Forgiving others is a great thing to do, but it is not easy. However, when we pray and ask for forgiveness for ourselves, we ought to be mindful of those whom we have not forgiven. And if we want to receive forgiveness, we must forgive.
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Now, if you are with us today, and you do not know the Lord Jesus Christ as your Saviour, your first prayer needs to be what we call the Sinner’s Prayer. First, please understand that you are a sinner, just as I am, and that you have broken God’s laws. The Bible says in Romans 3:23: “For all have sinned and come short of the glory of God.”
Second, accept the fact that there is a penalty for sin. The Bible states in Romans 6:23: “For the wages of sin is death…”
Third, accept the fact that you are on the road to hell. Jesus Christ said in Matthew 10:28: “And fear not them which kill the body, but are not able to kill the soul: but rather fear him which is able to destroy both soul and body in hell.” Also, the Bible states in Revelation 21:8: “But the fearful, and unbelieving, and the abominable, and murderers, and whoremongers and sorcerers, and idolaters, and all liars, shall have their part in the lake which burneth with fire and brimstone: which is the second death.”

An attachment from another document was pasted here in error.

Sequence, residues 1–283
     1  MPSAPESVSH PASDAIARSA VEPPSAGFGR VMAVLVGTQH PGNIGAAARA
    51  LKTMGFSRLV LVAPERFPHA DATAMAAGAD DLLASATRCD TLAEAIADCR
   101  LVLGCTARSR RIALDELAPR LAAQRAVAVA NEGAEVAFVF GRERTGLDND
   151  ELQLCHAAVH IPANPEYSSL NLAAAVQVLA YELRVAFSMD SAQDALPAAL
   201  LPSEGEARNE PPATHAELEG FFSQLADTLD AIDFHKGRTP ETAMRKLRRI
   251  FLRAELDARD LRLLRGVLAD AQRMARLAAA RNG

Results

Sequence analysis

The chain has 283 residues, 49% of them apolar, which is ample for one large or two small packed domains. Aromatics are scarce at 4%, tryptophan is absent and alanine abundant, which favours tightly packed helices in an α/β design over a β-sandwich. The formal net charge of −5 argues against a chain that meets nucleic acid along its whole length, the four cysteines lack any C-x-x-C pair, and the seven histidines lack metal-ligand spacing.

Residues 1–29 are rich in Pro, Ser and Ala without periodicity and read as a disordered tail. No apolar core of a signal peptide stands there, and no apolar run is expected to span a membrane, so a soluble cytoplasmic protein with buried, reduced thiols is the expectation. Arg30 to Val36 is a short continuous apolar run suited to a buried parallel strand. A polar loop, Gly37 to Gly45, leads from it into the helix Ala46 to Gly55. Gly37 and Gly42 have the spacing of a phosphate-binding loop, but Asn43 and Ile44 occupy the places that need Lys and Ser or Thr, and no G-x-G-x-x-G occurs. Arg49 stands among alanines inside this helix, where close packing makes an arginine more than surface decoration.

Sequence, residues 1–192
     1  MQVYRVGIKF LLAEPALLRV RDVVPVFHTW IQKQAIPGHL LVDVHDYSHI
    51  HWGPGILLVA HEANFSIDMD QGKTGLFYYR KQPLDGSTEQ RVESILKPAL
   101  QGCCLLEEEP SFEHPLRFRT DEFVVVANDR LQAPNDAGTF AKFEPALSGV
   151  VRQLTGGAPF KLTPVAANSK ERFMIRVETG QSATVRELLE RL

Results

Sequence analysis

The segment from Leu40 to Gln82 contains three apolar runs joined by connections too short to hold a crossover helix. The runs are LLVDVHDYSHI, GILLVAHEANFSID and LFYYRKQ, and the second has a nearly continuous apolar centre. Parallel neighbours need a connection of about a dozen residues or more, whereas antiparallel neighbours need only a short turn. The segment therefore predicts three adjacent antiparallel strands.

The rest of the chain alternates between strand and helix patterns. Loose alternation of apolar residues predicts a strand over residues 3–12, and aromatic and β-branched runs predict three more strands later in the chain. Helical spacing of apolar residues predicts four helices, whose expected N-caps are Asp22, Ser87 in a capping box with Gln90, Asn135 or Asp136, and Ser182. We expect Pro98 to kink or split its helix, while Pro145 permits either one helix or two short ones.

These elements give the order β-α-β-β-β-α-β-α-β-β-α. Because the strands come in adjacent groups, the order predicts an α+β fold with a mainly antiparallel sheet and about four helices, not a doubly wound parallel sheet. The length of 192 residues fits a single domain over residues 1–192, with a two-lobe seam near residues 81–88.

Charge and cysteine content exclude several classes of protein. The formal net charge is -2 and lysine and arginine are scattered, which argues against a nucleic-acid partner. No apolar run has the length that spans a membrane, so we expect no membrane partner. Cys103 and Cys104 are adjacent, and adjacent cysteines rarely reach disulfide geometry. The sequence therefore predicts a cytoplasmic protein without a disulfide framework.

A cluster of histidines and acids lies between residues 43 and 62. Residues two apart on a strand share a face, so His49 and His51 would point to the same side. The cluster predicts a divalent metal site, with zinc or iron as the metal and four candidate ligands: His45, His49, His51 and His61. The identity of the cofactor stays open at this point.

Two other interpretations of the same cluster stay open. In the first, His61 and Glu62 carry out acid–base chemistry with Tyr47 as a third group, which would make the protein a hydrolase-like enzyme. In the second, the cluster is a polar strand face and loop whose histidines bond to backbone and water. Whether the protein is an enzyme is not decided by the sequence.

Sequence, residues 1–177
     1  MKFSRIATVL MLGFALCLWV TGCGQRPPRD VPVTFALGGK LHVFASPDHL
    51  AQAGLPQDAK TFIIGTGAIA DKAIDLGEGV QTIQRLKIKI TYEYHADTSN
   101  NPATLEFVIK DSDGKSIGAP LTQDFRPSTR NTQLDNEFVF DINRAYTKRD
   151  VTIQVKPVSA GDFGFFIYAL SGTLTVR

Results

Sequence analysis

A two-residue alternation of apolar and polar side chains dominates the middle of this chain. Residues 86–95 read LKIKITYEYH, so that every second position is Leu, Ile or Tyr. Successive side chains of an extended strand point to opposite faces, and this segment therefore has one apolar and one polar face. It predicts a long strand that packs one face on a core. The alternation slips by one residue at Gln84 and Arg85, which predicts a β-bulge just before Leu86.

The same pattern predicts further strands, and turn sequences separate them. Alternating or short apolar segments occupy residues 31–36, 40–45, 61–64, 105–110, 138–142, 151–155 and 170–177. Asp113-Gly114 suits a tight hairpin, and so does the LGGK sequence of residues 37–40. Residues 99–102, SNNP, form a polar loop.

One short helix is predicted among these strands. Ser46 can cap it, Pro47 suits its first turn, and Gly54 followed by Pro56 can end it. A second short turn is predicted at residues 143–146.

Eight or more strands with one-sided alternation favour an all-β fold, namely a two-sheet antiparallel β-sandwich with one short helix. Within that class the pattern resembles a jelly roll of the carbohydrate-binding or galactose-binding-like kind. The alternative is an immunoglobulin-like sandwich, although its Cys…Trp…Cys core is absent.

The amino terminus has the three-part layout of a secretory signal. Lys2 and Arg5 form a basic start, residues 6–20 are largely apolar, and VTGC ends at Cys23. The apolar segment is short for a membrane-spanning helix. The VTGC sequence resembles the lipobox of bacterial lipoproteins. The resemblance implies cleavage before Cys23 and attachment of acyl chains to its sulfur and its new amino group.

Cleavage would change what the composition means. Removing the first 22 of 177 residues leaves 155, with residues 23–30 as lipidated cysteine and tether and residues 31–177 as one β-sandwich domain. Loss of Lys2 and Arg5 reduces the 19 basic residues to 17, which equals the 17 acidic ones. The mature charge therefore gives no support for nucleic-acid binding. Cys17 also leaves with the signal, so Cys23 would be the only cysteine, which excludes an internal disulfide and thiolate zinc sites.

Now this is bad news, but here’s the good news. Jesus Christ said in John 3:16: “For God so loved the world, that he gave his only begotten Son, that whosoever believeth in him should not perish, but have everlasting life.”
Just believe in your heart that Jesus Christ died for your sins, was buried, and rose from the dead by the power of God for you so that you can live eternally with Him. Pray and ask Him to come into your heart today, and He will.
Romans 10:9 & 13 says, “That if thou shalt confess with thy mouth the Lord Jesus, and shalt believe in thine heart that God hath raised him from the dead, thou shalt be saved… For whosoever shall call upon the name of the Lord shall be saved.”
If you believe that Jesus Christ died on the cross for your sins, was buried, and rose from the dead, and you want to trust Him for your salvation today, please pray with me this simple prayer: Holy Father God, I realize that I am a sinner and that I have done some bad things in my life. For Jesus Christ sake, please forgive me of my sins. I now believe with all of my heart that Jesus Christ died for me, was buried, and rose again. Lord Jesus, please come into my heart and save my soul and change my life today. Amen.
If you just trusted Jesus Christ as your Saviour, and you prayed that prayer and meant it from your heart, I declare to you that based upon the Word of God, you are now saved from Hell and you are on your way to Heaven. Welcome to the family of God! Congratulations on trusting Jesus Christ as your Lord and Saviour. You have done the most important thing in life. For more information to help you grow in your newfound faith in Christ, go to Gospel Light Society.com and read “What To Do After You Enter Through the Door”. Jesus Christ said in John 10:9, “I am the door, by me if any man enter in, he shall be saved, and shall go in and out, and find pasture.”
God loves you. We love you. And may God bless you.